Celebrating native lineage

Danielle Campbell Copy Editor

The story given to me about my family was my great-grandfather moved to Connecticut for a better life than the one he had on a Native American reservation. Which one? I am not sure. I know my grandfather’s lineage is Black, White and Native American. I was told his father wanted better for his children than the life of depression you can so readily find on the reservations in America. People we have forgotten and stolen everything from. My ancestors, somewhere down the line.   

I have always connected with the original people of this land and wanted to put their faces forward, but in general, I am all for culture to be celebrated, period. I am torn when cultures are clashing for recognition on certain days when we all deserve to be celebrated. There is no competition in my eyes when we all are supposed to be recognized. America is a melting pot.  

Personally, as a history minor, I have a love of culture which goes deeper than just those I know. I am an African-American woman with roots in multiple countries. I am a lover of people and want us all to celebrate and understand each other. With that said, I think the difficult history behind Columbus Day and the recent recognition by President Joe Biden is important to unpack.   

According to Native Land Digital, New Haven is Quinnipiac, Paugussett, and Wappinger land. It is deeply important to me to have people know those who have been forgotten and erased. We have so much we owe to Native Americans.   

President Biden’s recognition of Columbus Day as Indigenous People’s Day is necessary but hurtful. In the days where we are silencing these people on their lands, can we say we are celebrating them by simply giving them a day of recognition?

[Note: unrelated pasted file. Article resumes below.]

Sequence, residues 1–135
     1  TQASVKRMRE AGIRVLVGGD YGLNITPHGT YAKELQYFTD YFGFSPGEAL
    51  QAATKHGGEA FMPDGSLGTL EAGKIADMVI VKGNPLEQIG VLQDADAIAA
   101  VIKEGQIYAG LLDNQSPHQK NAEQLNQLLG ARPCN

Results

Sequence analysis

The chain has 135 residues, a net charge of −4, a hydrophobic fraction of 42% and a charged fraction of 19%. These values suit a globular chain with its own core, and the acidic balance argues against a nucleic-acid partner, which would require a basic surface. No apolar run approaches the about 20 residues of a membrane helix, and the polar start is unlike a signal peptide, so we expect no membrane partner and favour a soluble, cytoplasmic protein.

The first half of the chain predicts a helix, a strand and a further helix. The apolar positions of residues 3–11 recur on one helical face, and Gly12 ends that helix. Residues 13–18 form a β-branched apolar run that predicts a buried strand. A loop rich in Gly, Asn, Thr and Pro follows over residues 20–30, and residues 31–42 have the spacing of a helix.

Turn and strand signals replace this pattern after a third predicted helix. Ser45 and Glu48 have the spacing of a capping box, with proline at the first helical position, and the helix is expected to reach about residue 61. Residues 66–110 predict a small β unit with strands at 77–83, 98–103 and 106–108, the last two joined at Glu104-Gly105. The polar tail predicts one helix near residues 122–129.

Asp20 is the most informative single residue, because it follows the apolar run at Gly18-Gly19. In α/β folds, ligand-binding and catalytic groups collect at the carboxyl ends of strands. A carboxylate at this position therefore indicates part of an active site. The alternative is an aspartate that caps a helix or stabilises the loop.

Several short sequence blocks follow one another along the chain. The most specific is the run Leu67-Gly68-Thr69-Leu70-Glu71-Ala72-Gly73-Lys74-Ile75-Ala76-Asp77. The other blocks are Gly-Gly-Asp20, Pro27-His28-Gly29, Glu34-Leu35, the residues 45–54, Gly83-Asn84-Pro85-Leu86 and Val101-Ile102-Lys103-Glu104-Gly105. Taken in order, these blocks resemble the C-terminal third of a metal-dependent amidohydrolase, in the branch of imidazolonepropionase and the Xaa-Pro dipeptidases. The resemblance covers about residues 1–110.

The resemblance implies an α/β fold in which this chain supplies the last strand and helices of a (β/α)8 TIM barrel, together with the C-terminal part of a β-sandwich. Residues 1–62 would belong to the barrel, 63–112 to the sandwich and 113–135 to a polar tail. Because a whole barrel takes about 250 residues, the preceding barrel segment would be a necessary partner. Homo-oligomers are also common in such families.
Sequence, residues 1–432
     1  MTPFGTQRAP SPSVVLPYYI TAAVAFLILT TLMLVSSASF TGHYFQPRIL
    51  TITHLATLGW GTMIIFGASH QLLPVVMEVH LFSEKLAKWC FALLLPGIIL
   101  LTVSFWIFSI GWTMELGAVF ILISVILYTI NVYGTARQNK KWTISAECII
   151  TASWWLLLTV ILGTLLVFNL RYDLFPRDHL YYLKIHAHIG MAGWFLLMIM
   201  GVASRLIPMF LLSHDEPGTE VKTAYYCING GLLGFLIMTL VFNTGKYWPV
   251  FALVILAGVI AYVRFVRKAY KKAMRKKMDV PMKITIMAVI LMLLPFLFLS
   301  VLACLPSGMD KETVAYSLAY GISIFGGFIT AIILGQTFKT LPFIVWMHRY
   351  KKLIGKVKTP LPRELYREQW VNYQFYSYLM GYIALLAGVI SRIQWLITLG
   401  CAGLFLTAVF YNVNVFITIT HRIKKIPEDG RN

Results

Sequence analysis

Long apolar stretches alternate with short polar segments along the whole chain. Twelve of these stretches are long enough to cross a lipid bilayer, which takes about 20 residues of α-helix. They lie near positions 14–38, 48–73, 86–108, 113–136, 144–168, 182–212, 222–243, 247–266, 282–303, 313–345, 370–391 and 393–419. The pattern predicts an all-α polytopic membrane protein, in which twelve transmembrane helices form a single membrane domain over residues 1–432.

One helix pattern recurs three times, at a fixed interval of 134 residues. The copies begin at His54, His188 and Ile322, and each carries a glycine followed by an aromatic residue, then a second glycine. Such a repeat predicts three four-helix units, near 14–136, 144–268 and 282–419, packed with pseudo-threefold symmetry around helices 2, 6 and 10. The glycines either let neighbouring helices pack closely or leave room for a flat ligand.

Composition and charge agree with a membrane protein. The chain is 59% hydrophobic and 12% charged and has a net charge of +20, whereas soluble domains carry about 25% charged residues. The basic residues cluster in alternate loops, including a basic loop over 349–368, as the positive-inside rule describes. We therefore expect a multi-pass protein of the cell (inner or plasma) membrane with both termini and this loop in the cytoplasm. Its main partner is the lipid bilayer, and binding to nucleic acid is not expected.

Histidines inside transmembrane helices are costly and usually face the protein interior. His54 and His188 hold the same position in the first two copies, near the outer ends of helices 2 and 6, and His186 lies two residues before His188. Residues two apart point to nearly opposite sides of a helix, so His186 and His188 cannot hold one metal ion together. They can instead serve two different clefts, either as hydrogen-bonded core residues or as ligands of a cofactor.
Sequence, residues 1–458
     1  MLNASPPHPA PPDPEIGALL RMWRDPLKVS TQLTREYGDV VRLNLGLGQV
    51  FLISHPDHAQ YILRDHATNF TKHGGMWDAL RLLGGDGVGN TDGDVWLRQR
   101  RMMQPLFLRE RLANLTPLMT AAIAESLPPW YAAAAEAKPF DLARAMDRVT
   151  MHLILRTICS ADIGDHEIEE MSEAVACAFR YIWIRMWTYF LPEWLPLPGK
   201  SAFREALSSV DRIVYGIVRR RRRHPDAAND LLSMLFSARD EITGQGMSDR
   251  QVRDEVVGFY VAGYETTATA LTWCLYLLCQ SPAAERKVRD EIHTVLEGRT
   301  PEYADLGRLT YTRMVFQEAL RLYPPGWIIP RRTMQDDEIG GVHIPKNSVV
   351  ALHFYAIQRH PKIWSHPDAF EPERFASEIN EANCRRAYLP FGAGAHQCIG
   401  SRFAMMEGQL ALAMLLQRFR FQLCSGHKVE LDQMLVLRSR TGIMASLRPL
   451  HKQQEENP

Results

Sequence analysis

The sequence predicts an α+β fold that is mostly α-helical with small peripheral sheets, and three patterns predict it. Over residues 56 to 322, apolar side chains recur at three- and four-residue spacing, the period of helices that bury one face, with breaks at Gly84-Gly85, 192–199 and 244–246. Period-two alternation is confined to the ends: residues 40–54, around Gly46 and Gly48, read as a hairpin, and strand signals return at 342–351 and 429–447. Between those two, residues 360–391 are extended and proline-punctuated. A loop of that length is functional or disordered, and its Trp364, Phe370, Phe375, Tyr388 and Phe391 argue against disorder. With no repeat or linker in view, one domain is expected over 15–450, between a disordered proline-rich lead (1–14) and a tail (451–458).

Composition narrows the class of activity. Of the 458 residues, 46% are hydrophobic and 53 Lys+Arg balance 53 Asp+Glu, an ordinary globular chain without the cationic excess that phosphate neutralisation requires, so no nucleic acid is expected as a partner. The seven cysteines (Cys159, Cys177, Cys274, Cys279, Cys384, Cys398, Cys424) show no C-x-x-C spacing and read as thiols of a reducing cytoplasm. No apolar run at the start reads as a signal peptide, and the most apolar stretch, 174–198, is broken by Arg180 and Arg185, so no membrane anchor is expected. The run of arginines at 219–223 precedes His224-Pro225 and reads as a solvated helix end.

America owes Native Americans recognition but not just in name. The president supports pipelines which toxify their waters. All they ask is for respect for their people and their land, but we think a name, a day, a month is enough to rectify what this country did to them. It is not.  

My great-grandfather was said to have been a strawberry blonde, blue-eyed black man who left his family further north, on a reservation, to save his children from the ills of alcoholism. He did not escape it though. Three of his four children had issues with alcohol, including my grandfather.  

Can you imagine a pain so deep it follows you? I cannot fathom what injustices lie in my DNA. I cannot fathom all that has been forgotten. I found out, while at the university, I am related to descendants of King Phillip. That cousin came to campus and told the true details of Thanksgiving. The murder. Those stories never left my mind.   

This is all I think of when I think of this recent recognition. It is a great show, but we owe them more than just a day reclaimed. We owe them respect in the present day. We owe them amplification of voices when they ask for their waters to be protected. We owe them safety for their women and girls who go missing in vast numbers with zero media coverage. We owe them respect when they tell us to stay off their current designated land. America has taken enough.   

Native Americans exist, today. They did not die out. They must not be made people of the past. I have tried for my entire college career to take a Native American history class. It was again cancelled this semester for low enrollment. Again, I was cheated out of learning about my ancestors in a college setting. Again, I felt like we were forgetting them.  

As a New England school, we should be required to learn about Native American history as well as Black and Hispanic. After all, we are on Native land. We even kept the words. According to Britannica, Connecticut takes its name from an Algonquian word meaning “land on the long tidal river.” According to Meriam-Webster, Quinnipiac is an extinct Algonquian people of central Connecticut.   

Everything we do as New England residents sits on the shoulders of people we do not remember or fail to recognize. We ignore that they are the first step in this country of immigrants. They are our first teachers. We fail them each day we use their words and do not recognize who they are or celebrate their murder. We must do better than this. 

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